This is also a great book in my M.95 collection (sorry for the crappy pics) of a rare original M.95 1897 manual, revised by the kaiserlich und königliche (k.u.k) Technischen Militatkomitee or simply "Imperial and Royal Technical Military Committee" in 1915, which I obtained from a collector in Europe.
I just wish I could fluently read German... lol









It even has a sexy centerfold.
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  #74  
Old 01-12-2014, 7:43 PM
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Wow, thanks for sharing!
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  #75  
Old 01-12-2014, 7:44 PM
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95% of all of them. One can also find early style pre-WWI parts in the mix, especially on all the Post-war Bulgarian referbs.

There were no M.95 straight pull Mannlichers or parts made past 1920. Only rifles made with the letter suffixes X, Y and Z after the serial were made or assembled in the 1919-1920 timeframe since even after the fall of the Österreichisch-Ungarische Monarchie in 1918, many M.95's (still chambered in the M93 O-Patrone cartridge - 8x50mmR) carrying 1919 & 1920 dates were still being assembled from left over parts produced during the war. Rifles you find dated in the 1919-1920 timeframe will also have a chamber ring stamp similar to "W-n-19", notably lacking the Austrian Coat of Arms (eagle) or Budapest Double Shield stamp prefixing the date. Note, that dates on the chamber ring don't ALWAYS mean the exact date of manufacture, but also during the war, was a date of acceptance on a specific rifle into service.
Even after it was re-barreled to 8x56r ?
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  #76  
Old 01-12-2014, 8:01 PM
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Wow, thanks for sharing!
Sure thing!

Quote:
Originally Posted by Nevada Hudson View Post
Even after it was re-barreled to 8x56r ?
Austrian and Hungarian (1930 and 31' respectively) 8x56mmR conversions concentrated on lengthening the chamber for the longer 8x56mmR case, using all of the original existing 8x50 barrels.
(You can use an 8x56mmR case, trim it to 50mm and it will fit right in an 8x50mmR chamber).
The bore diameter through the cartridge conversion stayed the same. A typical bore on the M.95 were oversized (generally from .329-330) needed for the extra obturation (expansion) of the flat-based RN 8x50mmR .323" (M93 O-Patrone) 244grn projectile into the rifling. In addition, smokeless or "semi-smokeless" powders during the period burned dirtier than what it does today, fouling was a bigger issue back then. With powder fouling, the larger bore diameter also allowed the rapidly expanding flat-base projectile to pass through more easily after fouling build up.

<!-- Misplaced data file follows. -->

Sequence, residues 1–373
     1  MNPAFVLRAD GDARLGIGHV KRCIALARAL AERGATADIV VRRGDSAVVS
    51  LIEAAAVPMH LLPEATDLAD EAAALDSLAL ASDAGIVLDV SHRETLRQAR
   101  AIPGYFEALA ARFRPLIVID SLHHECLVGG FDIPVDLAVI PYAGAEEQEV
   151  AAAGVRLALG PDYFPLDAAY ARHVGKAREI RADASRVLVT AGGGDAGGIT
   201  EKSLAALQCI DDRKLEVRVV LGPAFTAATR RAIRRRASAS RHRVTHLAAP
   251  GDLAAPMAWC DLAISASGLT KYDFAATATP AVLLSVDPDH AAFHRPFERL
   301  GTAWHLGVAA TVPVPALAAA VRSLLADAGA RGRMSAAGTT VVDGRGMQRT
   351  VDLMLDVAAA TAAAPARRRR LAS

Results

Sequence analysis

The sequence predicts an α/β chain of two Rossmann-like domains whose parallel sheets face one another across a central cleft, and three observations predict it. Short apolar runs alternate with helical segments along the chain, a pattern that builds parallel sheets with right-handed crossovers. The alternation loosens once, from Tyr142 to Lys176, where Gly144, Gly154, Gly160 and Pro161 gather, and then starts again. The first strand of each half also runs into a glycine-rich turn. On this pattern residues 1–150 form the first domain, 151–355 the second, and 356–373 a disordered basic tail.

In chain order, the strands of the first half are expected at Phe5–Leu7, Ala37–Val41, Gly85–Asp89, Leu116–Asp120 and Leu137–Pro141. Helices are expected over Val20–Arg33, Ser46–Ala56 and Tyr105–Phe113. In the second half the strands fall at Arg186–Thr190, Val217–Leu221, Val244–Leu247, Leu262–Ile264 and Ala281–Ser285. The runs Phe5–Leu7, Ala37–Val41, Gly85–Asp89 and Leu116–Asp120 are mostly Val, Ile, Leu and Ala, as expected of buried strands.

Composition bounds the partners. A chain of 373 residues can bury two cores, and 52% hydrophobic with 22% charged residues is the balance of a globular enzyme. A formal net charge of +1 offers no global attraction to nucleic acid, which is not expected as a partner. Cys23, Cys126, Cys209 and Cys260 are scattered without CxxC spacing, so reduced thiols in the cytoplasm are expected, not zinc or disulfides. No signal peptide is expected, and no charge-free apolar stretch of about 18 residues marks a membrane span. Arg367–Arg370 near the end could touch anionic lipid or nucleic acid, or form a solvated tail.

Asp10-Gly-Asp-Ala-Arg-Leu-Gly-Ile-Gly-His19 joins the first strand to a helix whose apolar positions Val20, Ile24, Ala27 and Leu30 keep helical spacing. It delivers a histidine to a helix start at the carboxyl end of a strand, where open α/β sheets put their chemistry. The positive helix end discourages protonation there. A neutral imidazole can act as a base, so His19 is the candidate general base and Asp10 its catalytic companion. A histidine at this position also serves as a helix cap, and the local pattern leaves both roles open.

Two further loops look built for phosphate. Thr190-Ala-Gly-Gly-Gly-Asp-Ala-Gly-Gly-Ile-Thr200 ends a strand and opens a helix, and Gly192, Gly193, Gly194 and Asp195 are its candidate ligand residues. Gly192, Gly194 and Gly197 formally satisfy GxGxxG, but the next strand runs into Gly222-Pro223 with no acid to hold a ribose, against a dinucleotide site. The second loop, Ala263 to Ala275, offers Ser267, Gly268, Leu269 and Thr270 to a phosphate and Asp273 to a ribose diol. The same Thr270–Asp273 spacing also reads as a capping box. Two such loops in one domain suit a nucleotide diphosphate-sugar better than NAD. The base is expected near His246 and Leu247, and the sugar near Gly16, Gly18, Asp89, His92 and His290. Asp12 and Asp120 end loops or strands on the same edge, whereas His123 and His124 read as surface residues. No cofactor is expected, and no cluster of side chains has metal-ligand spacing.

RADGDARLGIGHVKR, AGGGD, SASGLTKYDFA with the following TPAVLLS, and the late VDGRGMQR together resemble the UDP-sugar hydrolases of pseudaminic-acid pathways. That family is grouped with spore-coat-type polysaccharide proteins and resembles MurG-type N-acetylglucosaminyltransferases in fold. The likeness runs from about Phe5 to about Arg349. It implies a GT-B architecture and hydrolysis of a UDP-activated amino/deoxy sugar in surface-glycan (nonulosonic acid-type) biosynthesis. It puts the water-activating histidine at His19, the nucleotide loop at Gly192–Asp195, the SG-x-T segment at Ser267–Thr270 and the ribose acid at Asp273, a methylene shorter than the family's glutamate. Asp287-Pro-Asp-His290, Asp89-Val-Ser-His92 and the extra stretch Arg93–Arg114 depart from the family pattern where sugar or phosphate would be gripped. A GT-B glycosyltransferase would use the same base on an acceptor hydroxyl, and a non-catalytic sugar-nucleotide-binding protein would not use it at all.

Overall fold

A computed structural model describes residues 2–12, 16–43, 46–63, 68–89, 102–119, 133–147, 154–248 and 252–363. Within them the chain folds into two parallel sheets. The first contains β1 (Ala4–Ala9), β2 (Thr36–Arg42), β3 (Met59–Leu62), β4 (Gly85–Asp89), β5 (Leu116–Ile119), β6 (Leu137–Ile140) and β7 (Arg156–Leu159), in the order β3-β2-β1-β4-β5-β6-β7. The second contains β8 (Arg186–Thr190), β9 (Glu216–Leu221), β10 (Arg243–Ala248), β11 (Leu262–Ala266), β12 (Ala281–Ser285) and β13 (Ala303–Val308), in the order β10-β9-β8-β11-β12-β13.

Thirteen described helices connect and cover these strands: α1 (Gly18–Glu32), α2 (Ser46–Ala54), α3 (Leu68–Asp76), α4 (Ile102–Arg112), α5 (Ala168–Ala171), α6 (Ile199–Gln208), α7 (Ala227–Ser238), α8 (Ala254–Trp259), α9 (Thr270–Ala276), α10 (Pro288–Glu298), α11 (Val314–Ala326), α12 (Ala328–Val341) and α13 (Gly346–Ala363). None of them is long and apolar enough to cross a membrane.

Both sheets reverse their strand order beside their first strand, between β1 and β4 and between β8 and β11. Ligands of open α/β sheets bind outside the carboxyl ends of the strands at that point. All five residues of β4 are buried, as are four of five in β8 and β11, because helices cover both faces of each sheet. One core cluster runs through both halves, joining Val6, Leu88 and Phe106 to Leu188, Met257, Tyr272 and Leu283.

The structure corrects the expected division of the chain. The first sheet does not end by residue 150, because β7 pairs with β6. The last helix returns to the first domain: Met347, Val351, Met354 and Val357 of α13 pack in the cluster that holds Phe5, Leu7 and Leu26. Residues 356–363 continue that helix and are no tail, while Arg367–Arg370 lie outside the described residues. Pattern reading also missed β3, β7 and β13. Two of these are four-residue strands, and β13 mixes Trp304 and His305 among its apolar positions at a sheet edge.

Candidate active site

The 8x56mmR Spitzgeschoss (pointed bullet) (M30 S-Patrone) 208grn projectiles were of the boat-tail design made to .329", so only a chamber modification for the case was needed and smokeless powders by the 1930's had already vastly improved from the early stages of the 1880's predecessor of dirtier smokeless powders and was no longer a real issue.

Here's an Austrian 8x50mmR flat-based cupra-nickel RN projectile. The skirt behind the crimp would rapidly expand more than the later improved boat-tail.

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  #77  
Old 01-12-2014, 8:20 PM
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Thumbs up

Thank You!
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Old 01-12-2014, 8:30 PM
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Old 01-15-2014, 8:55 PM
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what makes a great military rifle at a certain time and what makes a great historic shooter rifle today are two different things. maybe the Steyr was outdated in WW2 [ i never did understand why ] but for me it stands shoulder to shoulder with all the great WW1 & 2 rifles. i do not plan to jam the exposed bottem of my magazine in a trench any time soon.
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Old 02-08-2014, 6:26 AM
DesertWalker DesertWalker is offline
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Originally Posted by Marcus von W. View Post
The Steyr M95 is an interesting firearm. The straight pull bolt action is a better design than the Swiss Schmidt-Rubin except for it's evil and hateful bolt head. If you ever take the bolt out of the rifle without the proper and necessary little spacer clip that keeps the bolt head from snapping back and retracting faster than watching Barbara Boxer and Hillery Clinton having hot naked lesbian sex will make you lose a woody, you will understand what I am saying.